Theranostics 2019; 9(6):1666-1682. doi:10.7150/thno.27891
Membrane Radiolabelling of Exosomes for Comparative Biodistribution Analysis in Immunocompetent and Immunodeficient Mice - A Novel and Universal Approach
1. Institute of Pharmaceutical Science, Faculty of Life Sciences & Medicine, King's College London, Franklin-Wilkins Building, 150 Stamford Street, London SE1 9NH, United Kingdom
2. School of Medicine, Tenovus Building, University Hospital of Wales, Heath Park, Cardiff, CF14 4XN
3. School of Health Sport and Bioscience, University of East London, Water Lane, London E15 4LZ
4. Centre for Molecular Oncology, Barts Cancer Institute, Queen Mary University of London, Charterhouse Square, London EC1M 6BQ
Faruqu FN, Wang JTW, Xu L, McNickle L, Chong EMY, Walters A, Gurney M, Clayton A, Smyth LA, Hider R, Sosabowski J, Al-Jamal KT. Membrane Radiolabelling of Exosomes for Comparative Biodistribution Analysis in Immunocompetent and Immunodeficient Mice - A Novel and Universal Approach. Theranostics 2019; 9(6):1666-1682. doi:10.7150/thno.27891. Available from http://www.thno.org/v09p1666.htm
Extracellular vesicles, in particular exosomes, have recently gained interest as novel drug delivery vectors due to their biological origin and inherent intercellular biomolecule delivery capability. An in-depth knowledge of their in vivo biodistribution is therefore essential. This work aimed to develop a novel, reliable and universal method to radiolabel exosomes to study their in vivo biodistribution.
Methods: Melanoma (B16F10) cells were cultured in bioreactor flasks to increase exosome yield. B16F10-derived exosomes (ExoB16) were isolated using ultracentrifugation onto a single sucrose cushion, and were characterised for size, yield, purity, exosomal markers and morphology using nanoparticle tracking analysis (NTA), protein measurements, flow cytometry and electron microscopy. ExoB16 were radiolabelled using 2 different approaches - intraluminal labelling (entrapment of 111Indium via tropolone shuttling); and membrane labelling (chelation of 111Indium via covalently attached bifunctional chelator DTPA-anhydride). Labelling efficiency and stability was assessed using gel filtration and thin layer chromatography. Melanoma-bearing immunocompetent (C57BL/6) and immunodeficient (NSG) mice were injected intravenously with radiolabelled ExoB16 (1x1011 particles/mouse) followed by metabolic cages study, whole body SPECT-CT imaging and ex vivo gamma counting at 1, 4 and 24 h post-injection.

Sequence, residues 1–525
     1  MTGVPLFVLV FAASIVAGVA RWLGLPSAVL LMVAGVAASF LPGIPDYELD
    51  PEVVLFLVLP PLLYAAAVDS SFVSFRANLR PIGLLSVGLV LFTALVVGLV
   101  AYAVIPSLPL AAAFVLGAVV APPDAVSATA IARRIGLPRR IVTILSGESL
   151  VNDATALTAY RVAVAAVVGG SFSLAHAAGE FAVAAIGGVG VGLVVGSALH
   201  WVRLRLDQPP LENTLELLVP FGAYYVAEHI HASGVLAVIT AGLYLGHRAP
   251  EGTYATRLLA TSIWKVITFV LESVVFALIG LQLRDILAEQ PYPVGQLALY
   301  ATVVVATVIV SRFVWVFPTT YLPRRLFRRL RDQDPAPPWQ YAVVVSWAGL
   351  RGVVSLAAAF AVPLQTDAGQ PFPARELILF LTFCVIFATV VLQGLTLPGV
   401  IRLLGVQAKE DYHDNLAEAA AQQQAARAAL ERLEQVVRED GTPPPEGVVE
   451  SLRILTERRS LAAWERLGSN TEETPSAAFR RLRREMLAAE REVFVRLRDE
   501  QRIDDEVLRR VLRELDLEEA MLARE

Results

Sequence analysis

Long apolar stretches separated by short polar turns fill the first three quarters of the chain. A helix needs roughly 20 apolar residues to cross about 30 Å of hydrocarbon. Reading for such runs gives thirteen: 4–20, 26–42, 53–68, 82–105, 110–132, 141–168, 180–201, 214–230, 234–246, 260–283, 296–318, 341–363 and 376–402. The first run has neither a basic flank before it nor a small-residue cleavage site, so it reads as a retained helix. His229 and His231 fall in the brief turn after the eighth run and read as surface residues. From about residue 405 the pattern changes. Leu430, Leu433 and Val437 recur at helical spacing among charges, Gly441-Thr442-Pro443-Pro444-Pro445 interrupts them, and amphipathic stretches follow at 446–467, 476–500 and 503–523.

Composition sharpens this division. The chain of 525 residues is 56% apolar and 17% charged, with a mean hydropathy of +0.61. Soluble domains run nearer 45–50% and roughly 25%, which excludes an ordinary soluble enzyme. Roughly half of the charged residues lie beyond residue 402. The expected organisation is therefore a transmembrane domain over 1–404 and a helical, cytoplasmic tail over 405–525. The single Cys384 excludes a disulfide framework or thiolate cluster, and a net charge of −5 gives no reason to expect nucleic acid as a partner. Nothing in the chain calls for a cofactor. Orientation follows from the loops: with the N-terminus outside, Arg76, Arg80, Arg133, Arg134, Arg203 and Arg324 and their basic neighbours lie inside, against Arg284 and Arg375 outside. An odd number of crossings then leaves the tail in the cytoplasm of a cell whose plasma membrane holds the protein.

Results: Membrane-labelled ExoB16 showed superior radiolabelling efficiency and radiochemical stability (19.2 ± 4.53 % and 80.4 ± 1.6 % respectively) compared to the intraluminal-labelled exosomes (4.73 ± 0.39 % and 14.21 ± 2.76 % respectively). Using the membrane-labelling approach, the in vivo biodistribution of ExoB16 in melanoma-bearing C57Bl/6 mice was carried out, and was found to accumulate primarily in the liver and spleen (~56% and ~38% ID/gT respectively), followed by the kidneys (~3% ID/gT). ExoB16 showed minimal tumour i.e. self-tissue accumulation (~0.7% ID/gT). The membrane-labelling approach was also used to study ExoB16 biodistribution in melanoma-bearing immunocompromised (NSG) mice, to compare with that in the immunocompetent C57Bl/6 mice. Similar biodistribution profile was observed in both C57BL/6 and NSG mice, where prominent accumulation was seen in liver and spleen, apart from the significantly lower tumour accumulation observed in the NSG mice (~0.3% ID/gT).
Conclusion: Membrane radiolabelling of exosomes is a reliable approach that allows for accurate live imaging and quantitative biodistribution studies to be performed on potentially all exosome types without engineering parent cells.
Keywords: exosomes, drug delivery, radiolabelling, biodistribution